I’m back! On top of my crazy schedule the past few weeks, my Internet stopped working on Thursday, so I’m currently at Starbucks writing blog posts like this special one. We’re back today with Self-Publishing Sunday to talk about promoting your book and yourself when you are a self-published author.
I’m sure it’s obvious to you that you’re going to need to promote your book. As little as I knew getting started, I knew at least that. However, it ended up being way more than I initially anticipated.
The biggest thing about self-publishing is that self part. Unless you want to fork over the money for a company to promote the heck out of you, you’re going to need to do a lot of it yourself. And what’s the point to publishing a book in the first place if no one is going to buy or read it?
ONE – Get over your fear.
I know that there is probably someone out there who has no probably whatsoever promoting themselves, but most people are self-conscious to a certain degree about it. I knew that I didn’t want to bombard people with information about my book, and I was also self-conscious about people I knew reading Aureole in the first place. If you don’t get over that fear, no one is ever going to read your hard work. This isn’t like someone in the publishing industry is going to randomly pick up your book, read it, and go, “By George! I simply must get this person on The New York Times‘ Bestseller list!” (Don’t ask what is with how this person talks. Just roll with it.)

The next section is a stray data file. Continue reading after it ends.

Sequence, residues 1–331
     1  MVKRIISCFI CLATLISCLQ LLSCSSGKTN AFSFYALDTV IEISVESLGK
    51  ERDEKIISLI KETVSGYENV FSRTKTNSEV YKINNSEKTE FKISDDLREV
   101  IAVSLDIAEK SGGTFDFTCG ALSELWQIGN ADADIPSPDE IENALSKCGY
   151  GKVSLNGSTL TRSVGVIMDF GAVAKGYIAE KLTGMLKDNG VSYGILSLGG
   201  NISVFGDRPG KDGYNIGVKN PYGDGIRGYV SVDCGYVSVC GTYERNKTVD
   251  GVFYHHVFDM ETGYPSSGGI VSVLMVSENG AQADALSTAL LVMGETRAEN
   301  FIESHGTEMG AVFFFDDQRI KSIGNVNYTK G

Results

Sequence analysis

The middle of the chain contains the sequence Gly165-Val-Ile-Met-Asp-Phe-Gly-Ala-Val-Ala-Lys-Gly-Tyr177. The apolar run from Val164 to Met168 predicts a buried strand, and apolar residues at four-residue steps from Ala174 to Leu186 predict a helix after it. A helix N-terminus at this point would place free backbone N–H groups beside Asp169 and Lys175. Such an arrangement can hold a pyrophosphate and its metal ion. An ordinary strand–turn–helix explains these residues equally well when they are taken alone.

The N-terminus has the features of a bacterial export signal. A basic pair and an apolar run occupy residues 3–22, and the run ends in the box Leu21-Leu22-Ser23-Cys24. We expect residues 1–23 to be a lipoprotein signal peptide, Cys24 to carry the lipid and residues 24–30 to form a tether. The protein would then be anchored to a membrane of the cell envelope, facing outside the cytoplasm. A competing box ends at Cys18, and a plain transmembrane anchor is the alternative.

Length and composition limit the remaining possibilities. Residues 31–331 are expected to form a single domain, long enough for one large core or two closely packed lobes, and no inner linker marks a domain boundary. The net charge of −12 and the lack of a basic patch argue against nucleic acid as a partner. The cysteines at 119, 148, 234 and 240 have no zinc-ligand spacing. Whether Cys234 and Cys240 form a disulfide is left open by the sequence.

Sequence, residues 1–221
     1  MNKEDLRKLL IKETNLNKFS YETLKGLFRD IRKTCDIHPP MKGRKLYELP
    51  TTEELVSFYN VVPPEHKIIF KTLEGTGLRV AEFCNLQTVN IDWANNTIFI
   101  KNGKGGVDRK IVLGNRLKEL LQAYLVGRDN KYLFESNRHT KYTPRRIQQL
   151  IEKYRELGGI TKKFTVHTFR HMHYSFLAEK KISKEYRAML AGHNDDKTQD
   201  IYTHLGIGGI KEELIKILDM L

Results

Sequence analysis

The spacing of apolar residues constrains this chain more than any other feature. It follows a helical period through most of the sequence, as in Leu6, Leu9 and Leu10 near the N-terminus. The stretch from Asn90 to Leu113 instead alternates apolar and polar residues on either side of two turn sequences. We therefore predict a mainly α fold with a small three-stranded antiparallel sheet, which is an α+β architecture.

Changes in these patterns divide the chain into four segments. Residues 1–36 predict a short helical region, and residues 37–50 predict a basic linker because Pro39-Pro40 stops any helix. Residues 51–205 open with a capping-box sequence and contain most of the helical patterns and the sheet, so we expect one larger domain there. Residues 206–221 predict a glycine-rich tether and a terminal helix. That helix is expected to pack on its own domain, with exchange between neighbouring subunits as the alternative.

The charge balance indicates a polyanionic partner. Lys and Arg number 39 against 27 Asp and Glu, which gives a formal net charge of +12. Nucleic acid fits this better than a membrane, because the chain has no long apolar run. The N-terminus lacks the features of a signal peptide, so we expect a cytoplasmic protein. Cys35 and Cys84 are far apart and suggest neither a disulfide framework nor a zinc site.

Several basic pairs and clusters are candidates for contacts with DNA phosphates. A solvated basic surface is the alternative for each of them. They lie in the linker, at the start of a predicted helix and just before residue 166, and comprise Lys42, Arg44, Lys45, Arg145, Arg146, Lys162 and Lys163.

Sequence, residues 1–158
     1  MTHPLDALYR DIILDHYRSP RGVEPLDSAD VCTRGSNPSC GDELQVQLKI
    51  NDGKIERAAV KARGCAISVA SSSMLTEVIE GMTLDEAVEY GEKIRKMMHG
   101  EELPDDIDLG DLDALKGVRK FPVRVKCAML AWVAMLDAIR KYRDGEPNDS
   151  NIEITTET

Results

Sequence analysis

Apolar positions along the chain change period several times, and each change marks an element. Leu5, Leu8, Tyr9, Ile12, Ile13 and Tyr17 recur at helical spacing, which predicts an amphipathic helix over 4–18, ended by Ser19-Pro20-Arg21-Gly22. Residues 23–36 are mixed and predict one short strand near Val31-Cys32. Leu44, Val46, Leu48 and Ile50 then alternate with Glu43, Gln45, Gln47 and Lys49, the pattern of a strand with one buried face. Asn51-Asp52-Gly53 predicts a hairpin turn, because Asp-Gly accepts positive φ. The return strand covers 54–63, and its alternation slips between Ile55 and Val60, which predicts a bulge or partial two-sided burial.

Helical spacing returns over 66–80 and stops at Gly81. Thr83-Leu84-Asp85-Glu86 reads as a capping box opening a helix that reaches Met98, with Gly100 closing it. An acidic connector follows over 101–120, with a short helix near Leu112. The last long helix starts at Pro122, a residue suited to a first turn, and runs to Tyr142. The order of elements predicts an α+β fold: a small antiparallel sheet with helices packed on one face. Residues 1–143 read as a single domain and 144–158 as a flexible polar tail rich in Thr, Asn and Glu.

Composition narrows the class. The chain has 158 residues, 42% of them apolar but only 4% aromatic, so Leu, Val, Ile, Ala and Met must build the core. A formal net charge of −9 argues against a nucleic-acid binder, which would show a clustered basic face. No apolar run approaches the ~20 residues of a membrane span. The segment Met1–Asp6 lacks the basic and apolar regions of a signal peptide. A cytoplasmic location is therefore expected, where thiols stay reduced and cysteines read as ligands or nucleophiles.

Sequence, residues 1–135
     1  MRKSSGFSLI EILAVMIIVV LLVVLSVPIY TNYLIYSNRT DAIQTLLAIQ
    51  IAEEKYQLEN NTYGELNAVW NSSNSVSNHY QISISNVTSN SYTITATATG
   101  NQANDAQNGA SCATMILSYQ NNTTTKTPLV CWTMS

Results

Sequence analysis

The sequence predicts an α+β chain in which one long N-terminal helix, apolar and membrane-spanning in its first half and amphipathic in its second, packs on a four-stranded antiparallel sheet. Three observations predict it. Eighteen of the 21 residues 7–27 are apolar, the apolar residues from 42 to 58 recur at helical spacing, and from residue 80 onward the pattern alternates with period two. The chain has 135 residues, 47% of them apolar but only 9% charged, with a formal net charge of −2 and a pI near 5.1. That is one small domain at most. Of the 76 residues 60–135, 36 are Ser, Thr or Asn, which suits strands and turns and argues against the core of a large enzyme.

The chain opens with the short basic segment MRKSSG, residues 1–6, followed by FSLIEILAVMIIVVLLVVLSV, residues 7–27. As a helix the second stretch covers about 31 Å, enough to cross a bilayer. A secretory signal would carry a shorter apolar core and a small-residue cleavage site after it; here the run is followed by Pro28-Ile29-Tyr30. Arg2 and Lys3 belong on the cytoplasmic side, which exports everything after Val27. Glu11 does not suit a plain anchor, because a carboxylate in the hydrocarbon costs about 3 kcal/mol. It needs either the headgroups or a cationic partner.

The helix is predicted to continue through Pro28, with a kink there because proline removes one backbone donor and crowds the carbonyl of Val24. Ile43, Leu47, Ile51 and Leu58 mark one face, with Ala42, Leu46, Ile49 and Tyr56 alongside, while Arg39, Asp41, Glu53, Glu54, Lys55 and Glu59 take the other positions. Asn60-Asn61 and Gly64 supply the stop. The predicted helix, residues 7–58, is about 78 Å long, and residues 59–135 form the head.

TWO – Make a plan.
It isn’t going to be successful unless you know ahead of time what it is you’re going to do. That being said …
THREE – Start early and keep going.
Let’s say that you are aiming to get your book out by Memorial Day, so that people can read it while on their long weekend. You then need to start promoting at least a month beforehand. You need to reach as many people as possible and build up as much hype as possible. If you’ve already published or you have some sort of following (such as, you write a blog or a newspaper column or something), then just bombarding your followers with information about it might be enough. If not, you definitely need to refer back to step one, take a deep breath, and tell EVERYONE YOU KNOW that you have a book coming out before Memorial Day and they should consider checking it out, thank you very much.
The biggest regret I have with publishing Aureole is that I didn’t start promoting earlier than I did. I did a pretty good job with it, but I could have done better if I started earlier and kept up promoting longer than I did.
FOUR – Know what you’re going to stay.
This is surprisingly difficult, but you need to come up with 2-3 descriptions of your book that will make people want to read it. I say 2-3 because you should have a one-sentence version, a one-paragraph version, and maybe a one-page version. Stick to those 2-3 so that people are getting the same information, and if someone hear’s about your book, they could very easily find out what it’s about. The one-sentence version is most important because if you’re promoting online (which you obviously are) then you know that most people aren’t going to read beyond the first sentence. Oh, and tweets have to be pretty short, too.